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Rubin Center hosts first in-person student exhibition for 2021

Nicole Lopez
The Annual Juried UTEP student exhibition is open to the public from 10 am to 5 pm, Monday through Friday through July 30. People can go in groups of no more than 10.

For the first time in a year, the Stanlee and Gerald Rubin Center for the Visual Arts hosts the Annual Juried UTEP Student Art Exhibition in-person and virtually.   

Last year, the exhibition was completely online. Kerry Doyle, director of the Rubin Center, said the experience of being able to celebrate with the winners in person was well worth the wait.   

“Studio arts students have been coming to campus this year, so it was great to see that work, but we were also really happy to have the work in the gallery as well,” Doyle said.  

The exhibition opened May 10 and is open to the public until July 30. The art on display falls into different categories including painting, sculpting, drawing, ceramics, metals, printmaking

 and graphic design.   

Approximately 400 submissions were sent in by students in the Art Department.  

Artwork was chosen by two jurors: Daisy Naam, curator from Ballroom Marfa, an art center in Marfa, Texas  and Libby Morris, the vice president of design and art director at Giles Design Bureau in San Antonio. Naam was the fine arts juror and Morris was appointed graphic design juror.  

120 pieces made it into the showcase and one winner, Dilan Torres, a studio art major, won the Overall Best of Show award.    

Torres said he felt humbled when he received news that he won the Overall Best of Show Award.   

“I was completely surprised because everyone in here has an equal chance of winning,” Torres said.    

Competitors submit their work virtually by sending pictures. After pieces were chosen for awards, the artwork was displayed in the center.   

Torres has a concentration in drawing and a minor in painting. His piece, “I Saw a Ghost in the Supermarket” was inspired by the George Floyd protests.   

“It sparked something in me that made me want to talk more about my identity when it comes to my ethnicity and my heritage,” Torres said.  “I wanted to make a work that exposes the experience of being Mexican American or a person of Hispanic heritage living in the United States.”   

Torres primarily uses charcoal, pencil and graphite as mediums for his artwork.   

His award-winning artwork is separated into three different pieces, which mimics a blueprint by showing different people in motion. The pieces also have small portions of text spread throughout the images. Two of the pieces are in black and white and the last piece employs the use of a small amount of color.   

The exhibition also awarded students for Best Graphic Design, Best Painting, Best Drawing, Best Ceramic Work, Best Piece of Jewelry, Best Life Drawing or Life Painting, Best Photograph/Digital Image, Best Print, Best Sculpture, and honorable mentions.   

“I really appreciate when I can see a work of art in person,” Torres said. “I get to see the textures and the scale, which is something that you can’t really interact with when you’re seeing work online or on your phone, so those aspects of artwork are very important.”  

For the graphic design art exhibition, the center decided to use projectors and TV screens to display a slideshow of all the poster and print submissions to accommodate social distancing.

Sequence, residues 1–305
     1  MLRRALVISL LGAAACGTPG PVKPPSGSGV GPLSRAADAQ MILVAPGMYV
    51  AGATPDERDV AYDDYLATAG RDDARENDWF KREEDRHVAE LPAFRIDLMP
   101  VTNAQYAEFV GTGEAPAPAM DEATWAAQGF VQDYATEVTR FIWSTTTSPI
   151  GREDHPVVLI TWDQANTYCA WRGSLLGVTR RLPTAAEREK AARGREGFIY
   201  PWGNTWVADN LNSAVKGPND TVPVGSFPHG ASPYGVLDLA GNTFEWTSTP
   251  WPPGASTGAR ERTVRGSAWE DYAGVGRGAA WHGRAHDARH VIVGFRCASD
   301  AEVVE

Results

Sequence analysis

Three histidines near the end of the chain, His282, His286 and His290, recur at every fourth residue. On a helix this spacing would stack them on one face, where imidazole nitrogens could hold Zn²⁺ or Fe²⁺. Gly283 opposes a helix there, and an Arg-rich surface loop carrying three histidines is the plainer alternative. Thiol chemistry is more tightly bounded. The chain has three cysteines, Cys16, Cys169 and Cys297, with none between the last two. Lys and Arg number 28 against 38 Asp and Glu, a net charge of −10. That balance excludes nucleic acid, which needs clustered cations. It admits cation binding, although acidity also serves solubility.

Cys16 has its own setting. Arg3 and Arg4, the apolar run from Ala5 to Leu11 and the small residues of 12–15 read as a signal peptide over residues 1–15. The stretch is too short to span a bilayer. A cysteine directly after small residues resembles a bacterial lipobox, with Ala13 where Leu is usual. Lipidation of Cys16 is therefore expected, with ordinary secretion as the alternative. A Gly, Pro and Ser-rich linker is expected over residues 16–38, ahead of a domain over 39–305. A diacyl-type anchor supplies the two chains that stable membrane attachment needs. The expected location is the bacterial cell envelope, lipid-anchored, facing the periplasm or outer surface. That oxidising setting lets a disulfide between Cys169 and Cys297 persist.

Looking toward the future, Doyle says that UTEP students and faculty can expect more art exhibitions from the Rubin Center in the upcoming semester.   

“We’re going to have a series of events over the course of October out in public spaces. We’re going back to 100 percent in-person for the fall,” Doyle said.  

Torres plans on working on his art and perfecting his craft.    

“There’s potential for greatness in every artist here,” Torres said.   

The Annual Juried UTEP Student Art Exhibition can be seen on the UTEP website or in-person at the Rubin Center, open from 10 am to 5 pm, Monday through Friday.  

See the full list of winners for the Annual Juried UTEP Student Art Exhibition 2021 below:  

Graphic Design Honorable Mentions:   

Jocelyn Verdugo, Identity Design Black Affinity Group 

Itzyiana Nuñez, Seymour Chwast in El Paso  

Aaron Mietlinski, Stop Human Trafficking 

Noelle Marquez, Blackkklansman Poster  

Chantel Rodriguez, Tadanori Yokoo Catalog  

Third Graphic Design: Michelle Bautista, Drilo’s Birthday 

Second Graphic Design: Jade Hernandez, Keep Your Distance  

Best Graphic Design: Edgar Alvarez, Amores Perros Movie Posters  

Best Drawing: Brandon Michael Soto, The Gift   

Best Ceramic Work: Kristen Morales, Dumpster Fire of the Year   

Best Piece of Jewelry/Small Scale Metal: Kristin Morales, Dead Rhetoric   

Best Painting: Valeria Tejada, Coexistencia   

Best Photograph/Digital Image: Iztchel J Jaquez, En La Casa Hay Frijoles  

Best Print: Andrew Hernandez-Betancourt, OooLaLa  

Best Sculpture: Martin Acosta, Thumbs Up   

Best Life Drawing or Life Painting: Barron Wortham, Cruisin  

Overall Best of Show: Dilan Torres, I Saw a Ghost in the Supermarket  

Nicole Lopez may be reached at [email protected]; @nicoleilopez on Twitter.  


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About the Contributor
Nicole Lopez, Contributor
Nicole Lopez is a Multimedia Journalism and Creative Writing student at The University of Texas at El Paso. She has interned at KVIA ABC 7, where she was able to write and report on breaking news. She is currently interning with El Paso Matters, covering issues and topics within the Borderplex area. She also freelances for AGI Marketing as a Creative Content Writer and publishes stories for The Prospector and Borderzine, student publications at UTEP.
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Rubin Center hosts first in-person student exhibition for 2021